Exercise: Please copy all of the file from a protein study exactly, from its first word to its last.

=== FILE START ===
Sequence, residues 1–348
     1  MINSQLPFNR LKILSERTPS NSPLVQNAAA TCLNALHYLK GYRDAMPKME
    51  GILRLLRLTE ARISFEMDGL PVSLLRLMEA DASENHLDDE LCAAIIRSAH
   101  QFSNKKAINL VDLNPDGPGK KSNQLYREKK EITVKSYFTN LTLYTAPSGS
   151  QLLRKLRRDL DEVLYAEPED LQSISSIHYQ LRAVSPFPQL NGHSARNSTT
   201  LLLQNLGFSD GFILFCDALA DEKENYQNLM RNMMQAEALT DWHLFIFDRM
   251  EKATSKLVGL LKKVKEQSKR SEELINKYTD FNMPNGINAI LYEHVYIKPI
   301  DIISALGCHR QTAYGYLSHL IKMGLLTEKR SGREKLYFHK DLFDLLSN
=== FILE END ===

Sequence, residues 1–348
     1  MINSQLPFNR LKILSERTPS NSPLVQNAAA TCLNALHYLK GYRDAMPKME
    51  GILRLLRLTE ARISFEMDGL PVSLLRLMEA DASENHLDDE LCAAIIRSAH
   101  QFSNKKAINL VDLNPDGPGK KSNQLYREKK EITVKSYFTN LTLYTAPSGS
   151  QLLRKLRRDL DEVLYAEPED LQSISSIHYQ LRAVSPFPQL NGHSARNSTT
   201  LLLQNLGFSD GFILFCDALA DEKENYQNLM RNMMQAEALT DWHLFIFDRM
   251  EKATSKLVGL LKKVKEQSKR SEELINKYTD FNMPNGINAI LYEHVYIKPI
   301  DIISALGCHR QTAYGYLSHL IKMGLLTEKR SGREKLYFHK DLFDLLSN